The Social Factor: Social Distinctions

Christianity was a radical movement in many ways. Its unique theology made it enough of an offense to warrant harsh skepticism but it was its erasure of class distinctions that made it especially grievous.

There is neither Jew nor Greek, there is neither bond nor free, there is neither male nor female: for ye are all one in Christ Jesus. (Galatians 3:38)

What is a wonderful and liberating statement today was a wholly radical claim to the ancients. The Biblical world was what is known as a collectivist society. Scholars Pilch and Malina note, 

In contemporary American culture we consider an individual’s psychological makeup to be the key to understanding who a person might be. We see each individual as bounded and unique, a more or less integrated motivational and cognitive universe, a dynamic center of awareness and judgment that is set over against other such individuals and interacts with them. This sort of individualism has been and is extremely rare in the world’s cultures and is almost certainly absent from the Bible.

In the ancient Mediterranean world such a view of the individual did not exist. There every person was understood to be embedded in others and had his or her identity only in relation to these others who formed this fundamental group. For most people this was the family and it meant that individuals neither acted nor thought of themselves as persons independent of the family group. What one member of the family was, every member of the family was, psychologically as well as every other way. [1]

With this we can begin to understand how Paul’s statement in Galatians 3:28 would be received by the ancient world. The erasure and blurring of social distinctions would have made Christianity seem radical, rebellious, even offensive. Conversions such as those of Paul and James were highly abnormal and socially unacceptable. They would be, in essence, forfeiting their identity and the roles they were expected to fulfil.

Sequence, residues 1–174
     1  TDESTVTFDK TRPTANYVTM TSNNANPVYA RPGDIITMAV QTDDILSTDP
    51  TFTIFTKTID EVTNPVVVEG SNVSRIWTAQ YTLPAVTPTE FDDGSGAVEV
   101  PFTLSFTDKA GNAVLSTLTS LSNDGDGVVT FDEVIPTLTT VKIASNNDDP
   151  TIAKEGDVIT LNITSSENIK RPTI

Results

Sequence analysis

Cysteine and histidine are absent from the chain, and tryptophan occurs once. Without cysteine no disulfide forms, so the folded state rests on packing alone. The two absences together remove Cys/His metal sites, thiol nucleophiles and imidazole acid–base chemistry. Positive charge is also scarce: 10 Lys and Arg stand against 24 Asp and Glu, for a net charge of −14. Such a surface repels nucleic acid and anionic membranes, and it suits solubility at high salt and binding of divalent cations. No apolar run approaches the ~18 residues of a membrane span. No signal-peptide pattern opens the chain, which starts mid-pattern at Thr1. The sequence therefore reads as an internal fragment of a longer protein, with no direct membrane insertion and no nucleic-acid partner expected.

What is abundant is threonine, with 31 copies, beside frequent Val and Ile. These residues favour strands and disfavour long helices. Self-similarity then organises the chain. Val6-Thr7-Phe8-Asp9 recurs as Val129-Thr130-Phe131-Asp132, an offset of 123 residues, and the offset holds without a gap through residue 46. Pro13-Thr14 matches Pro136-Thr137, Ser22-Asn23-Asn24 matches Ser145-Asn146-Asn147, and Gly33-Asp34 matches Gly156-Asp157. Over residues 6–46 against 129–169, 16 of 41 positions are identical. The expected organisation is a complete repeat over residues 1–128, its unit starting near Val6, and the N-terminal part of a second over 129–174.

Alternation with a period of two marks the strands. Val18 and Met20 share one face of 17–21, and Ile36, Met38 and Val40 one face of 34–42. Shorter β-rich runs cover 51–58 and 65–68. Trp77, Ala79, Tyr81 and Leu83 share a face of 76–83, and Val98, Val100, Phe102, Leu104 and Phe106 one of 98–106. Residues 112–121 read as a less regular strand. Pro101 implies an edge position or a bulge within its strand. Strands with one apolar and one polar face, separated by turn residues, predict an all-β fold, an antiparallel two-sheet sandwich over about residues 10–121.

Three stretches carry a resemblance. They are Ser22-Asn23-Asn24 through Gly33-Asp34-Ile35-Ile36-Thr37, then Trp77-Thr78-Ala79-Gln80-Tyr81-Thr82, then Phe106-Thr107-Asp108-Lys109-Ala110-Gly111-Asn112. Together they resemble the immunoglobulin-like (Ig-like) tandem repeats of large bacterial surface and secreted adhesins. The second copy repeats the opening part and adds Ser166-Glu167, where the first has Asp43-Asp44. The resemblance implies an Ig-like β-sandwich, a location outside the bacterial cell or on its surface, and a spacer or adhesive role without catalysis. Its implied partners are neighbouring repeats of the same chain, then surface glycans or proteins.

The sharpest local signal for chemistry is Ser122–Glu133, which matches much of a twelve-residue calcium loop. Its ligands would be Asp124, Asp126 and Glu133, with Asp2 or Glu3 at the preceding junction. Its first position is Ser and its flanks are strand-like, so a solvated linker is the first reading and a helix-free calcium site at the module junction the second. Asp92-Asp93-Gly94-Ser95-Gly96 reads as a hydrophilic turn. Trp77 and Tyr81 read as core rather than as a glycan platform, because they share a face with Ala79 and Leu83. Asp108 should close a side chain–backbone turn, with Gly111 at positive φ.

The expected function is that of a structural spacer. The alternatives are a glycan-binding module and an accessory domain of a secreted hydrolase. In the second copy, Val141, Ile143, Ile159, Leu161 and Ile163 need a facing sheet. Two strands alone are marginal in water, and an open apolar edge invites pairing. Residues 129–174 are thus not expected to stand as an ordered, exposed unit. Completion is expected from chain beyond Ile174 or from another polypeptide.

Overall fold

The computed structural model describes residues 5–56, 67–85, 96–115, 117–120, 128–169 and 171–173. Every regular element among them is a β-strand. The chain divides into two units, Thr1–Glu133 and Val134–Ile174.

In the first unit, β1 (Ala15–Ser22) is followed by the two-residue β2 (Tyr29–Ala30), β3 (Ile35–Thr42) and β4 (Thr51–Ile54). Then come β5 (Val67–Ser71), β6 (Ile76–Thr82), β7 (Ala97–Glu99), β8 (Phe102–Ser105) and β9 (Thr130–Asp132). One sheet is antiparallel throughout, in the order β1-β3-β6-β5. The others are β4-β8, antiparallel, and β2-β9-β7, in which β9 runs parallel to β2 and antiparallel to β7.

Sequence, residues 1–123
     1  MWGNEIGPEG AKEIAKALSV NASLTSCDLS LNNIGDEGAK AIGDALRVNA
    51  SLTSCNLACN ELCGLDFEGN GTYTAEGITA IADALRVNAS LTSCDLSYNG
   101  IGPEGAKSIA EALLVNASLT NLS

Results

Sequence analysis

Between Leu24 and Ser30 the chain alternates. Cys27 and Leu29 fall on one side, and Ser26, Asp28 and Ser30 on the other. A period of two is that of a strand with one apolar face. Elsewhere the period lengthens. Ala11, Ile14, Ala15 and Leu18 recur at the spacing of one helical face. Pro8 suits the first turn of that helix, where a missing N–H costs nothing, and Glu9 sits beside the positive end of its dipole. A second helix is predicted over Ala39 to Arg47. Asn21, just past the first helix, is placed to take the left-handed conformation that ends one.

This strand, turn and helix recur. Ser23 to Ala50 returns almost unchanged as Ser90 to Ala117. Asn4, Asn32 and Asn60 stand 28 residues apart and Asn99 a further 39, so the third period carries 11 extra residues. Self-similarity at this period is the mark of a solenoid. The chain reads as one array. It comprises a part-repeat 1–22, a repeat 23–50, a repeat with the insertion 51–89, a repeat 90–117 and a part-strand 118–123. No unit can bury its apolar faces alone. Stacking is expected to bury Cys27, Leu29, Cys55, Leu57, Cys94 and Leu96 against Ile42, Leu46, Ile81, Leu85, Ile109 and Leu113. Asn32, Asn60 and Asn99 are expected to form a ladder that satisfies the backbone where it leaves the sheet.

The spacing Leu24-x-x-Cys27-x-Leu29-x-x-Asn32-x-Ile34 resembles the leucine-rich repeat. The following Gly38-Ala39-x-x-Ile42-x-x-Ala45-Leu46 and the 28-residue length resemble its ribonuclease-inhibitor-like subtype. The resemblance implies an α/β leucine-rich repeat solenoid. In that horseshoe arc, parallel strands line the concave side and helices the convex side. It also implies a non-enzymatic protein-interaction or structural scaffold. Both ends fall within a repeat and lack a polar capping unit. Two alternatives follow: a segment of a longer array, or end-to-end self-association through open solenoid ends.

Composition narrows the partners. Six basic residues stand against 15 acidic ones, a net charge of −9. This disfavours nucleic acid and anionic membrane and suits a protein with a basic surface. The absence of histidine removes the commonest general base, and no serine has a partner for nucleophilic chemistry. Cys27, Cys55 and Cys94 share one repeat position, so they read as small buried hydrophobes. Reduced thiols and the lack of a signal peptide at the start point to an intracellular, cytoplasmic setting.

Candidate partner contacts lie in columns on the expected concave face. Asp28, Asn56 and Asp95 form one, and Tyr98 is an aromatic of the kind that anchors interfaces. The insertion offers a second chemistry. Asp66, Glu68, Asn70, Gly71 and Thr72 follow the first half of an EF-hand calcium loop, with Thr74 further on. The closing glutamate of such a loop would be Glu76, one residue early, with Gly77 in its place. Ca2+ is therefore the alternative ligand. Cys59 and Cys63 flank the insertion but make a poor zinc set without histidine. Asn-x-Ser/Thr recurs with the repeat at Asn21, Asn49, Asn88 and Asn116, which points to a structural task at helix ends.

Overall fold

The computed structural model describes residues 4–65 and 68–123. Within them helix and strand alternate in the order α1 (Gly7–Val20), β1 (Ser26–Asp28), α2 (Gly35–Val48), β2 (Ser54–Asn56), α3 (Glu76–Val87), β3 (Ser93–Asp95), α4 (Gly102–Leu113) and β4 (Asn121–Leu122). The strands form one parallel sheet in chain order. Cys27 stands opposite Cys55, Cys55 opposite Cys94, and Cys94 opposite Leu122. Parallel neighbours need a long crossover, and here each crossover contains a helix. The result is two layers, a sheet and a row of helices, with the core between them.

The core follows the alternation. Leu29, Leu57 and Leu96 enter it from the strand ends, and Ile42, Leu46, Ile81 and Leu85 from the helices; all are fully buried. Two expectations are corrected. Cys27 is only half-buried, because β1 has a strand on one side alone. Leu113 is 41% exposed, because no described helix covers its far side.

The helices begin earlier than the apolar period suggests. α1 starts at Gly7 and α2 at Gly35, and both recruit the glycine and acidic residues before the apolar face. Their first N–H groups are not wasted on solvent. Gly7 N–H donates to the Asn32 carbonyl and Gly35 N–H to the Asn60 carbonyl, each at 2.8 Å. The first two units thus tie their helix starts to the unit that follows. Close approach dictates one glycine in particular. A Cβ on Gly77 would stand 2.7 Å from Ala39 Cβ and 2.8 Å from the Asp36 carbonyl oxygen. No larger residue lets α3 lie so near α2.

Critics have argued that Christianity was/is a distinctly manipulative religion, wooing the poor in wealth and mind (in those times they would be slaves to some master) with false promises and phony love, appealing to those who desperately need it. However, this argument doesn’t quite have the same bite if we apply it practically.

The first problem is that, even if this were correct, it wouldn’t go far in actually changing their condition. Christianity would come to underhand slavery and abolish it from the inside out (The Martin Luther King approach we could call it). A brute, frontal attack on a well-established social system would have been the worst possible way to go about it.

The second problem is that critics assume that slaves would be always looking and hoping for a way out. This wasn’t the case. Malina, in Portraits Of Paul, notes that freedom for the ancients was defined as “freedom from slavery to one lord or master, and freedom to enter the service of another lord or benefactor.” [1] It would not have occurred to them that their situation could ever change, as Malina notes,

When faced with a crisis or significant problem, U.S. persons are expected “to do something about it.” Problem solvers regularly ask, “What can we do?” in response to a crisis or calamity. And they do not feel good about the problem unless they start doing something. Not so the ancient Mediterraneans….. they perceive themselves controlled by other persons, by sky beings of various sorts, and ultimately by God. Their roles and statuses are ascribed to them by God (1 Cor. 7:17; 12:18) and so belong to the order of creation and cannot be “uncreated.” Thus, they tend to face crises and calamities somewhat passively, expressing their understanding of events in terms of a doctrine of divine providence, fortune, or fate controlling all existence. [2]